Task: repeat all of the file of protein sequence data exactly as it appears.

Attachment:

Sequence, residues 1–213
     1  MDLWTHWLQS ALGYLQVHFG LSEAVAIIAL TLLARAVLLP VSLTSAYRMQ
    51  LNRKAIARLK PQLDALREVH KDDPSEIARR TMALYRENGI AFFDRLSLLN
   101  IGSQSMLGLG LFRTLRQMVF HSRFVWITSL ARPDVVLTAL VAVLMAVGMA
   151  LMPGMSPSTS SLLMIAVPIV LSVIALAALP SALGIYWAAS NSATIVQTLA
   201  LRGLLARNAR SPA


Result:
Sequence, residues 1–213
     1  MDLWTHWLQS ALGYLQVHFG LSEAVAIIAL TLLARAVLLP VSLTSAYRMQ
    51  LNRKAIARLK PQLDALREVH KDDPSEIARR TMALYRENGI AFFDRLSLLN
   101  IGSQSMLGLG LFRTLRQMVF HSRFVWITSL ARPDVVLTAL VAVLMAVGMA
   151  LMPGMSPSTS SLLMIAVPIV LSVIALAALP SALGIYWAAS NSATIVQTLA
   201  LRGLLARNAR SPA